Periodic Table

Jack Kruf

Within the Periodic Table all elements have a place. In this selected serie of elements the symbol, name, atomic number (above left) and atomic weight (under) are displayed. In the design I have chosen for a classic style by using typeface Times New Roman. The chosen colour depends on the group to which the element belongs. I have chosen to work with Pantone® for colour management and reproduction.


The element hydrogen has the symbol ‘H’ and atomic number 1. It is the lightest element in the universe, at standard temperature and pressure diatomic gas H2.

The name derives from the Greek ὑδρο, hydro meaning “water” and -γενής, genes meaning “creator”, originating from the discovery that water is produced when hydrogen is burned. The colour is Pantone® Greenery, referring to the non-metal group to which hydrogen belongs.

Hydrogen can play a relevant role in the transition from fossil to renewable energy.


The element Helium is a chemical element with the symbol ‘He’ and atomic number 2. It is the lightest element in the universe. It is inert and used for high tech solutions.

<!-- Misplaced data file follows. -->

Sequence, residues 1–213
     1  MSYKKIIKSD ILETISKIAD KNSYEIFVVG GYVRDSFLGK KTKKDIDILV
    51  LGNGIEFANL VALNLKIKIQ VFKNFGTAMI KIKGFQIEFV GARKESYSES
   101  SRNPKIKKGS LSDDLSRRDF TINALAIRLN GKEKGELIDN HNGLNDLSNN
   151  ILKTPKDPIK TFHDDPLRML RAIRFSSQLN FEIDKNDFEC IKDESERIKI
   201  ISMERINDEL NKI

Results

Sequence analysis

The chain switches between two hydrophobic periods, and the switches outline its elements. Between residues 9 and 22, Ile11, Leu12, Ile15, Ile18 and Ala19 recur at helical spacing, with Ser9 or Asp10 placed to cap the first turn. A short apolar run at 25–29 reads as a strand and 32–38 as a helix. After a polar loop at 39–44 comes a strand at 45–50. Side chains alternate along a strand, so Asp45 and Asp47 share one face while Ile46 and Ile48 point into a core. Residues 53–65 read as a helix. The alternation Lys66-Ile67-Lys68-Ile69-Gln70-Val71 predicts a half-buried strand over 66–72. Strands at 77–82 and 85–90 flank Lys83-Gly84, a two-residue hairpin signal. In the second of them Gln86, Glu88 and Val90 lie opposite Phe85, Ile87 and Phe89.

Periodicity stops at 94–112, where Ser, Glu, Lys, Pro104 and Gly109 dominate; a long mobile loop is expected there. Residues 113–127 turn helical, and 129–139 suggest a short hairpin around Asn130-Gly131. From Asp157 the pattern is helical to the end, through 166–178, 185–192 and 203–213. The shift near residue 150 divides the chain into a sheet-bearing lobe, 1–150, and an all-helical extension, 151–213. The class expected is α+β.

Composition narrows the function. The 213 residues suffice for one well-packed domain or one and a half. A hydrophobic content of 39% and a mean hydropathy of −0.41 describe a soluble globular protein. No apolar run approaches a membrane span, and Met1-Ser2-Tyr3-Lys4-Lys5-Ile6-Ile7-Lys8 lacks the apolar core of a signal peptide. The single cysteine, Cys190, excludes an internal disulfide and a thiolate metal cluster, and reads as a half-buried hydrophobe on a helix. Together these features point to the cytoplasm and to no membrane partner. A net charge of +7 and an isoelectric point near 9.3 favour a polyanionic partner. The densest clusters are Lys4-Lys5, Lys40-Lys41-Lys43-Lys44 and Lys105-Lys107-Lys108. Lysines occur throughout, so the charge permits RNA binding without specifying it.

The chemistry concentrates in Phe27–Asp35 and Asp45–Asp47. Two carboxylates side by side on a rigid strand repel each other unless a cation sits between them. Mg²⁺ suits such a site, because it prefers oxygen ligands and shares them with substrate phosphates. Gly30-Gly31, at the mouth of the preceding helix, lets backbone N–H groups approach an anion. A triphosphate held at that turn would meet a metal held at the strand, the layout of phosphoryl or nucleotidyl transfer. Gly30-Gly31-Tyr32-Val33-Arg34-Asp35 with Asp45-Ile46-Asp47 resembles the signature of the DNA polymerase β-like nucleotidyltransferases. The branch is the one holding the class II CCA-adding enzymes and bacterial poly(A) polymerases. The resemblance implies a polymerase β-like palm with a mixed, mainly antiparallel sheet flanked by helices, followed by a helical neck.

It is a noble gas, named for the Greek god of the sun ἥλιος, Helios.  The colour is Pantone® Azure Blue, the referring to the noble gasses group to which helium belongs.

Helium is a non-renewable resource. It is made on earth via nuclear decay of uranium, and it is recovered from mines. Valuable and scarce.


The element Lithium has the symbol ‘Li’ and atomic number 3. It is a soft metal and is used in several industrial applications.

Lithium is derived from the Greek λίθος, lithos, meaning ‘stone’. Lithium was thought to exist only in minerals in early time. The colour is Pantone® Solar Power, referring to the alkali metal group to which Lithium belongs.

Lithium is considered as one of the key elements for making the energy transition from fossil towards sustainable. Lithium is used in batteries, among other applications in electric vehicles.